After labeling of terminals with HRP, the slices were fixed in 2.5% glutaraldehyde and 1.6% paraformaldehyde in PB for 30-60 min at room temperature, washed two times for 10 min each in 0.1 m PB containing 0.1 m glycine and an additional 10 min in 0.1 m PB. They were then transferred to a 3 mg/ml DAB solution in 0.1 m PB for 20 min, after which H2O2 was added to a final concentration of 0.01% for 30 min.
After the DAB steps in both the styryl dye and HRP-labeling procedures, the slices were washed at least two times for 10 min each in 0.1 m PB and then either postfixed overnight at 4°C in the same fixative and washed three times for 10 min each in 0.1 m PB the next day or stored overnight in 0.1 m PB at 4°C.
Tissue blocks in regions of interest sized 1 × 1 mm were cut from the slices and postfixed in 1% osmium tetroxide in distilled H2O and stained en bloc in 1% uranyl acetate in H2O. Blocks were then dehydrated and flat embedded in Epon. Semithick (2 μm) sections were cut and stained with 1% methylene blue to determine the region of interest, from which ultrathin (50-80 nm) sections were cut and collected on Formvar-coated grids. Ultrathin sections were counterstained with uranyl acetate or lead citrate, or both, and examined and photographed with a Philips EM 201 or a Philips CM100 electron microscope. On the EM 201, electron micrographs were made on 35 mm negative film (Kodak 5312) and were digitized by scanning the film at 1600 dpi. The CM 100 microscope was fitted with a CCD camera (Megaview II; Soft Imaging System, Muenster, Germany). The multiple image alignment function of the scan analysis software was used to capture large areas of calyx terminals.
EM image analysis. EM images were analyzed using Object-Image (Vischer et al., 1994), which can be downloaded from http://simon.bio.uva.nl/www/object-image.html. Example object files and macros for synaptic vesicle distribution and synaptic vesicle density analysis may be obtained from the authors. The ultrastructure of the terminals after labeling with HRP or styryl dyes was generally not as good as after perfusion fixation. Typically, three to five calyceal synapses were found in the ultrathin section with acceptable morphology (see Fig. 1); however, although vesicles were clustered in regular patches along the plasma membrane facing the synaptic cleft, almost invariably postsynaptic densities and active zones were hard to identify. Therefore, the relative distribution of vesicles was given as the shortest distance to the plasma membrane facing the synaptic cleft in the electron micrographs. Vesicles were assessed to be labeled or not by visual inspection. This method was verified for a limited number of terminals by SV density analysis: the mean gray value of all pixels in a 15 nm radius from the center of the lumen of the vesicles was measured for designated labeled and unlabelled SVs and plotted as a histogram (see Fig. 1C). A 10% correction was made for shrinkage of tissue section thickness (to 85 nm) when estimating the total number of vesicles.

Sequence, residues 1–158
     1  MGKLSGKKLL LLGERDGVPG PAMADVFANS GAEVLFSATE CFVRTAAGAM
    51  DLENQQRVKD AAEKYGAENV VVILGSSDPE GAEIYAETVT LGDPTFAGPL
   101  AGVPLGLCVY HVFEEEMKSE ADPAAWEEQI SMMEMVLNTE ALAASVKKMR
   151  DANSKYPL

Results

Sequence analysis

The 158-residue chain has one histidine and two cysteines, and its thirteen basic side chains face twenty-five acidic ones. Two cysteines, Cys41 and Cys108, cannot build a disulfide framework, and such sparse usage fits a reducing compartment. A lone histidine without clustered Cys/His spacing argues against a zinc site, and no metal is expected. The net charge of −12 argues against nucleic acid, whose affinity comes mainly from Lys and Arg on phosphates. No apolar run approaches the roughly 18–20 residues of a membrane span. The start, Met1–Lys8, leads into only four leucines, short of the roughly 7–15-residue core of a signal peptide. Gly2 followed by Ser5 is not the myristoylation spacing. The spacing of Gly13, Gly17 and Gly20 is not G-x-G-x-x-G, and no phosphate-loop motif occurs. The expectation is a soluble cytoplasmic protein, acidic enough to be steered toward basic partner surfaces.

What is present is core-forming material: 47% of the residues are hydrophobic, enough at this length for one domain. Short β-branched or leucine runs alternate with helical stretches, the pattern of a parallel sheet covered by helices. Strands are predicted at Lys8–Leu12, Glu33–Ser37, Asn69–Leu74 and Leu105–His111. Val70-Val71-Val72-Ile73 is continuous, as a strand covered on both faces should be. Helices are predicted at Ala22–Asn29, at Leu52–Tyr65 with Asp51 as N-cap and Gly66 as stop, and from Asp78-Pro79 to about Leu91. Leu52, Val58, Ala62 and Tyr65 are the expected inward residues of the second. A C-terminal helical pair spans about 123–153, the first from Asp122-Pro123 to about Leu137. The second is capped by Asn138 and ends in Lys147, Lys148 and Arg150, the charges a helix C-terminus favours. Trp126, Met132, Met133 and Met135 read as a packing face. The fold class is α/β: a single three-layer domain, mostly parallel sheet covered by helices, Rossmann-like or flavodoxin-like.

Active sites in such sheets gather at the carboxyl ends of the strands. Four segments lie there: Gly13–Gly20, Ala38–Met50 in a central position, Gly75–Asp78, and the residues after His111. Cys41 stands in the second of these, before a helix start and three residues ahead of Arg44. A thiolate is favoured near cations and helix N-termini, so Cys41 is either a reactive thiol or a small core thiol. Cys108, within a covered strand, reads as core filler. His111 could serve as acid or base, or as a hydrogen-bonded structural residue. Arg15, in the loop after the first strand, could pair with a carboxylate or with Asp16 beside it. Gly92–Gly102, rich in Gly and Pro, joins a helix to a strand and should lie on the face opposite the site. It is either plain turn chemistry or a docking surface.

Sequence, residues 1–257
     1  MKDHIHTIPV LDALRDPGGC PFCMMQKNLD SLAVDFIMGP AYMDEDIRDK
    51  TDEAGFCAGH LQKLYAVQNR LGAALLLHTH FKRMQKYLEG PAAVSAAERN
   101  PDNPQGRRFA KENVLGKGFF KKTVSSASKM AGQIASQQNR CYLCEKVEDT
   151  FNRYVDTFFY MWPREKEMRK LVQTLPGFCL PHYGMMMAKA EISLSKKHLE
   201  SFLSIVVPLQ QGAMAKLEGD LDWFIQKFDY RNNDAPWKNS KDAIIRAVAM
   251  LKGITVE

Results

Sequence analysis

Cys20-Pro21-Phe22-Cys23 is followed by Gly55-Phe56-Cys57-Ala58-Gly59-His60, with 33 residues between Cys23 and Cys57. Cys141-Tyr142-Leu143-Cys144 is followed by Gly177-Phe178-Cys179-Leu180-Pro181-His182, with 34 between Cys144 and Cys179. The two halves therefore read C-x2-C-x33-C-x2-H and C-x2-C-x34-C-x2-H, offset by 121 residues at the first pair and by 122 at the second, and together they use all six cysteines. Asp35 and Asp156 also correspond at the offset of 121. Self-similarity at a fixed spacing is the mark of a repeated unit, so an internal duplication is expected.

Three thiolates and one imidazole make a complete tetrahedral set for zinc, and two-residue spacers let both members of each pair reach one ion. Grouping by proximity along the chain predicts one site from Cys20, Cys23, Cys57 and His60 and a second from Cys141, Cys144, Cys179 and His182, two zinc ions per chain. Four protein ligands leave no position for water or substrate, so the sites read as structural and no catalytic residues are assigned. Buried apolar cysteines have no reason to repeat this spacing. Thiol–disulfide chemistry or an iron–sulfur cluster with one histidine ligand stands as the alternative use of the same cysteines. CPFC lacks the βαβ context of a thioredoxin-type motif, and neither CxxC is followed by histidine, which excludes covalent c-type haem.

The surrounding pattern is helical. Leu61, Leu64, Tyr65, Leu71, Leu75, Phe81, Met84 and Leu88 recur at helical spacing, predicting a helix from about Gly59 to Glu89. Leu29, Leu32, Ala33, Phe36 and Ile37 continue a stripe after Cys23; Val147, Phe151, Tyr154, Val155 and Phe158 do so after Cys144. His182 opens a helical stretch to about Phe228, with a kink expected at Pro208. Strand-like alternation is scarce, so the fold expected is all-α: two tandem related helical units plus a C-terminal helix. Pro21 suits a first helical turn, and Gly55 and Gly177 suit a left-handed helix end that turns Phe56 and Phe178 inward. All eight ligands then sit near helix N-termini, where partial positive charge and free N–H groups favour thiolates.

Fluorescent image analysis. Fluorescent images were analyzed using custom macros written in Igor Pro 4 (WaveMetrics, Lake Oswego, OR). The average fluorescence in a region of interest containing the terminal was measured after subtraction of average fluorescence of a background region. The decrease of fluorescence in the background region over time was used to correct for dye bleaching.
Statistics. Results are given as mean ± SEM. Because not all cross sections of terminals analyzed were the same size, and it is unclear to what extent osmotic swelling had affected the cytoplasmic area of the terminal in our cross sections, results are generally given as the number of synaptic vesicles relative to the length of the membrane facing the synaptic cleft.
One-way ANOVA was followed by a Newman-Keuls test to test for pairwise treatment differences.
To compare whether the mean distance from the membrane differed between unlabeled and photoconverted vesicles, a mixed-model ANOVA on the log-transformed data was performed. After log transformation, the distribution of distances became Gaussian shaped. In the model, the dependence of the vesicle distances on labeling (positive or negative), duration of the recovery period, and method to evoke release were tested.
Differences in labeling efficiency between vesicle clusters were tested with the χ2 test. Probabilities for significance were corrected for multiple testing according to Bonferroni.
Total number of vesicles
For a rough estimate of the total number of vesicles in the calyx of Held, the number of SVs was counted in cross sections from 50 terminals. This number was multiplied by the estimated total volume of the calyx (4.8 pl) (Sätzler et al., 2002) divided by the cross-sectional volume (area × section thickness, 85 nm), yielding 188,000 ± 8000 (SEM) SVs.
High K+ stimulation
Size of the recycling pool